But the big point is that the Covid impact on child-bearing is widespread and looks set to continue for quite a while. The old solution in advanced economies for low birth rates was immigration. But that’s now become fraught. First is that neoliberalism-induced widening income disparity means those on the bottom are extremely insecure. Bringing more people in to them sure looks like a mechanism for keeping their crappy wages down. Second is advanced economies now eschew assimilation as if it were racist. But what did you expect, say, when Germany brought in Syrian refugees, who skewed male and young, and didn’t even arrange to teach them German? The notion that there’s a public sphere, where citizens hew to national norms versus a private sphere seems to have been lost (having said that, I don’t understand the fuss about headscarves; Grace Kelly wore them, so why should a religious intent matter?).

Author(s): Yves Smith

Publication Date: 5 March 2021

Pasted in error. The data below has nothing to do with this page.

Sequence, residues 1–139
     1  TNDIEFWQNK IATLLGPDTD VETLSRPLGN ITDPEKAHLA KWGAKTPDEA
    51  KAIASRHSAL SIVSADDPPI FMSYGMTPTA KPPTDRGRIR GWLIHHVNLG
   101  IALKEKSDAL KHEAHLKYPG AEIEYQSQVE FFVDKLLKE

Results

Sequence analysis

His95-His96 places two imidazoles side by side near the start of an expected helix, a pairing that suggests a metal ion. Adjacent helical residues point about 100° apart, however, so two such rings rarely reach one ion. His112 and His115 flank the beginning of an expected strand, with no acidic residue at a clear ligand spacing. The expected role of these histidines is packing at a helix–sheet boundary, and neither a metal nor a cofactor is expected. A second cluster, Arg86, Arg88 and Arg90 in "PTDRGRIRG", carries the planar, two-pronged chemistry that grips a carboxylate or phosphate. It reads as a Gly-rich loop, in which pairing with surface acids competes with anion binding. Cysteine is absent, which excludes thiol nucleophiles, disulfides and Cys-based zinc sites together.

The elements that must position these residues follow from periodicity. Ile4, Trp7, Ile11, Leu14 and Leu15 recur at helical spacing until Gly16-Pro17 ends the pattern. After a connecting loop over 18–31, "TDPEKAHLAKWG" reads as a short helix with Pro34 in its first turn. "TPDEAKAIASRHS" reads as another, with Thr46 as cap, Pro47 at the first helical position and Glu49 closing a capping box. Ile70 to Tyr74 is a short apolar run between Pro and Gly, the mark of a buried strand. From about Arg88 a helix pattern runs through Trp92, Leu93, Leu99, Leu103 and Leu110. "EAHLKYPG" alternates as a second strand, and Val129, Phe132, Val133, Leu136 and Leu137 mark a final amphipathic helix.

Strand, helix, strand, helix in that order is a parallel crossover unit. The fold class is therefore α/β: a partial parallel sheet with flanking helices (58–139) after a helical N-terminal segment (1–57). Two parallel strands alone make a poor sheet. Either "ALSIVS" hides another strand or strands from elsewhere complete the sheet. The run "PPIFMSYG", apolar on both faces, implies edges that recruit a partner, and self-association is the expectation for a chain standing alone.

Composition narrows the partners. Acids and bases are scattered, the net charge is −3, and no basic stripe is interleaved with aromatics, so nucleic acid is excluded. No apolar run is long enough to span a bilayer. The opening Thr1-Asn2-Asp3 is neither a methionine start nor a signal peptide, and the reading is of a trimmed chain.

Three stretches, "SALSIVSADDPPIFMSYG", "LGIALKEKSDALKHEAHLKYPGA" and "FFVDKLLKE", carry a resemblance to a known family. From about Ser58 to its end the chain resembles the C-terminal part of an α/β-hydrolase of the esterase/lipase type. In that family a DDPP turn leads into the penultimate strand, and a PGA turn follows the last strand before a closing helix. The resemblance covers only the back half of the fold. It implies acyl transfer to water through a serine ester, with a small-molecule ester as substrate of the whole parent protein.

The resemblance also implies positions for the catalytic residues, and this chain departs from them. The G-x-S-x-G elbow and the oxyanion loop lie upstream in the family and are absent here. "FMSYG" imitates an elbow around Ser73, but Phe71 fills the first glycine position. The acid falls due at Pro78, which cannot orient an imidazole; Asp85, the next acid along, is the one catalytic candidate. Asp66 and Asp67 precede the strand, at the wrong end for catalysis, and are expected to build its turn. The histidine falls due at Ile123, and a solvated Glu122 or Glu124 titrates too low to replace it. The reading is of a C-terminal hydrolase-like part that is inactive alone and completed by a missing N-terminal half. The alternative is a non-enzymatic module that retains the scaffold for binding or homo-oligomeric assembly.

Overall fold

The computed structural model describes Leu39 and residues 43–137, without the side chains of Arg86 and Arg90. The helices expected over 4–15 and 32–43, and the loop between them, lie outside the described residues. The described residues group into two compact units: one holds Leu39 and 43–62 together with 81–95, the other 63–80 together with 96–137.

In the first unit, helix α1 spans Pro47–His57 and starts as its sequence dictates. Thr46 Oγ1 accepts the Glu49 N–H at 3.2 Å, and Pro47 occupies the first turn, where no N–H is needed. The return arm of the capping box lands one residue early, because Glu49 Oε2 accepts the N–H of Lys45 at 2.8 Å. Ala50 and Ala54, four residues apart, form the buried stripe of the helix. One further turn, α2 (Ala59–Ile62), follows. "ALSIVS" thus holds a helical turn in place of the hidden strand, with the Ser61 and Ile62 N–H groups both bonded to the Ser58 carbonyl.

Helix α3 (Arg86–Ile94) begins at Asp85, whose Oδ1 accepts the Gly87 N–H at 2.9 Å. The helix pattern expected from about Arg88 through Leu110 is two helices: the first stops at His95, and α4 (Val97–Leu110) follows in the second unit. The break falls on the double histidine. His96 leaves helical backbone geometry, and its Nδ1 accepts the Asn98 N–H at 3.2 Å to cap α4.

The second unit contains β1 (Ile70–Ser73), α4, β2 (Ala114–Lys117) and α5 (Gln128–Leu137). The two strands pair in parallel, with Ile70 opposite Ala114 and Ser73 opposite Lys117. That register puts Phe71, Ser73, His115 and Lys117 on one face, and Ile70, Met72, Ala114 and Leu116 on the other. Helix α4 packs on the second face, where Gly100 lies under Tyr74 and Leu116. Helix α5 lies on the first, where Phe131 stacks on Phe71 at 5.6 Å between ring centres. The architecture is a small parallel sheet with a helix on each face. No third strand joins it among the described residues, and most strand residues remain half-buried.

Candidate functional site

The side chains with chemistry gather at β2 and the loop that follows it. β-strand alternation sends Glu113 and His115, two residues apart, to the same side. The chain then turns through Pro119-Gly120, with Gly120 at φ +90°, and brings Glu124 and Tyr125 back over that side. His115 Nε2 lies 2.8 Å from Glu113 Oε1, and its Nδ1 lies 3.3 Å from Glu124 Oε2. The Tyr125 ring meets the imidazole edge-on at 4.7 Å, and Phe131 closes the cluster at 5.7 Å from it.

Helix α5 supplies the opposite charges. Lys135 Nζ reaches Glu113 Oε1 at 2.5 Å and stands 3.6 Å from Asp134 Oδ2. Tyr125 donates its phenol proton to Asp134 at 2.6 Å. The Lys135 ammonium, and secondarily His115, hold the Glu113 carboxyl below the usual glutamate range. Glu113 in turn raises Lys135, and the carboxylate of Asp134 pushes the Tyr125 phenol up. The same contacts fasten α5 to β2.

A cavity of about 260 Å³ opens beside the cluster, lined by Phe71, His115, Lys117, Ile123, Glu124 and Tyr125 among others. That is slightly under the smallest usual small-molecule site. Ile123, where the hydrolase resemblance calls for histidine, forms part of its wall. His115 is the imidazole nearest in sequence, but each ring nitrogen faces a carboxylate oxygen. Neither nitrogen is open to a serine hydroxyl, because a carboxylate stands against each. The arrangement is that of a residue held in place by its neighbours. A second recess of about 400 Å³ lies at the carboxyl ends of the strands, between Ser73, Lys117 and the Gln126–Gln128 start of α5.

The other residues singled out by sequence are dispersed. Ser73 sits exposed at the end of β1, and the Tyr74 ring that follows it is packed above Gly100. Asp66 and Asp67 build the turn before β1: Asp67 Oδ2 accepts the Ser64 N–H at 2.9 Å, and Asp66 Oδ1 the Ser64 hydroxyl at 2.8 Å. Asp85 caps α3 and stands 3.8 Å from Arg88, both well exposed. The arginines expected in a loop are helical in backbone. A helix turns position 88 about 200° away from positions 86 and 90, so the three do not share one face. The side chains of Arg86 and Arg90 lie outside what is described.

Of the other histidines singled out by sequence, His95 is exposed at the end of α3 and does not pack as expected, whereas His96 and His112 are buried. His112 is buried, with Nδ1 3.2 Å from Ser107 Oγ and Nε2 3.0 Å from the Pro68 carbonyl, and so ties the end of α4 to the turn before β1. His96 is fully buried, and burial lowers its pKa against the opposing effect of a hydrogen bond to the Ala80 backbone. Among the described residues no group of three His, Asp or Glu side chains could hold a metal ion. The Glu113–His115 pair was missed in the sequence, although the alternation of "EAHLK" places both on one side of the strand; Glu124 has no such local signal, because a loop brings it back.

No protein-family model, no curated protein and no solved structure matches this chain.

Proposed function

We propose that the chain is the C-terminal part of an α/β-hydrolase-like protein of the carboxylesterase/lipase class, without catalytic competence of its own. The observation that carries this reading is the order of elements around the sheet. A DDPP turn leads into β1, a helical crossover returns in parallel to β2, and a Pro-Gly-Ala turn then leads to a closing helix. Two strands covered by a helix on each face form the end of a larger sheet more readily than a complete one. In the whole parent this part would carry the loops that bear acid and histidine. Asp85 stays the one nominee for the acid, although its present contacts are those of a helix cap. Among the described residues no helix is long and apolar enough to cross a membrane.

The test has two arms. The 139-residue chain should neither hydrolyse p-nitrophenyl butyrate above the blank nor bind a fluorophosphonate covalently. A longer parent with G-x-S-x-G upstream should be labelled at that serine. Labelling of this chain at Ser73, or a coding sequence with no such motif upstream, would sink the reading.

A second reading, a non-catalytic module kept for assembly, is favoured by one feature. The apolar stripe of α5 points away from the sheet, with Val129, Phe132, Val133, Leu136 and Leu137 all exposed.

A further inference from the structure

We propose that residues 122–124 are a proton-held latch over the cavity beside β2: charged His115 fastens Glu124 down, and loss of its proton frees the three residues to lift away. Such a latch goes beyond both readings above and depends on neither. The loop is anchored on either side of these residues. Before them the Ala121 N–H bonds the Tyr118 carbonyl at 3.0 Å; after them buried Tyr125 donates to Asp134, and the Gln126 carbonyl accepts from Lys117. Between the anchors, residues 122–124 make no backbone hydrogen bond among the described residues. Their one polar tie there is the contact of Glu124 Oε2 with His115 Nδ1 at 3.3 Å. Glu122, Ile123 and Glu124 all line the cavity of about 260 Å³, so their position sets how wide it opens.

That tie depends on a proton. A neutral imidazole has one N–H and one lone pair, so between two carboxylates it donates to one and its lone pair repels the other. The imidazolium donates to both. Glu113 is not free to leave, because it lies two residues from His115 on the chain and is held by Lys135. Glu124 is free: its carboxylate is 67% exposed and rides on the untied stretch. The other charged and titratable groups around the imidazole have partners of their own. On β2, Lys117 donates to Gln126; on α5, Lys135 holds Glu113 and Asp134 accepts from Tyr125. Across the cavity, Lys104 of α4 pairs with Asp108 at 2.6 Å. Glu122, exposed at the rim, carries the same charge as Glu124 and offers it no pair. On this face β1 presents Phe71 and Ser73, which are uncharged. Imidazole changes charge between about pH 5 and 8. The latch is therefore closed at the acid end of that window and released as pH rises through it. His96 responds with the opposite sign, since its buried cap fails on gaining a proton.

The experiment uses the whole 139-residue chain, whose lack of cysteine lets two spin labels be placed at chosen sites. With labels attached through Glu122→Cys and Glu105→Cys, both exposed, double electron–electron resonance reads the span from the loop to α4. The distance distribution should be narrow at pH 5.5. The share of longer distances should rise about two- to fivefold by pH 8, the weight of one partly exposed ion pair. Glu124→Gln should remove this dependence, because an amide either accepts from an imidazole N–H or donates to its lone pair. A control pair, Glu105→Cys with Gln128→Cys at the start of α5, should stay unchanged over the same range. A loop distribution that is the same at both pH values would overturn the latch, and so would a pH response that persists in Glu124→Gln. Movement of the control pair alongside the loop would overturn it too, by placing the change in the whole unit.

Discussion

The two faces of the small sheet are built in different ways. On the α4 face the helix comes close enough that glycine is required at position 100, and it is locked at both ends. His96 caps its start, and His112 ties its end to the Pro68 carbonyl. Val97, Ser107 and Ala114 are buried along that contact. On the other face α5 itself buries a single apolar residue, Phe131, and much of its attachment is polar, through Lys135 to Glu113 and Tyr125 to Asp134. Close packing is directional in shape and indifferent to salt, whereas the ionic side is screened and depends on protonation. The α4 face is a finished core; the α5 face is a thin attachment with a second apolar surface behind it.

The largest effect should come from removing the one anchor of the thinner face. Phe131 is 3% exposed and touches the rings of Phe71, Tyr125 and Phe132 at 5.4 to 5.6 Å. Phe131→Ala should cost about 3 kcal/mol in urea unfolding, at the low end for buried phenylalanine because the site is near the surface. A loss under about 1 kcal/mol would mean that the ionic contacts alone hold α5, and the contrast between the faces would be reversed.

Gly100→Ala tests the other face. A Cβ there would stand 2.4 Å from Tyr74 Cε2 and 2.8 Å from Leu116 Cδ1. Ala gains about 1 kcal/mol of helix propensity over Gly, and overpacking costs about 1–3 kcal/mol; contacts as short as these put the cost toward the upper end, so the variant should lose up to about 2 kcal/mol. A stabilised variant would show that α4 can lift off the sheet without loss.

Publication Site: naked capitalism

The U.S. Grid Isn’t Ready For A Major Shift To Renewables

Link: https://oilprice.com/Energy/Energy-General/The-US-Grid-Isnt-Ready-For-A-Major-Shift-To-Renewables.html

Excerpt:

This is one massive system, and the sources that feed it electricity have become increasingly diversified. And while the shortage of natural gas was a big reason for the power outages in Texas, it was certainly not a shortage of gas that caused the blackouts in California last summer during a heatwave. Grid reliability has come to the fore because the decarbonization of electricity generation is not all fun, games, and zero-emission power.

The U.S. grid, as it is now, cannot support the massive shift to low-carbon power generation, Westhaven Power says. Operators need better control of regional grids to be able to anticipate dangerous situations like the ones in Texas and California, but obtaining it would become trickier with more intermittent wind and solar feeding the grid, the utility explains.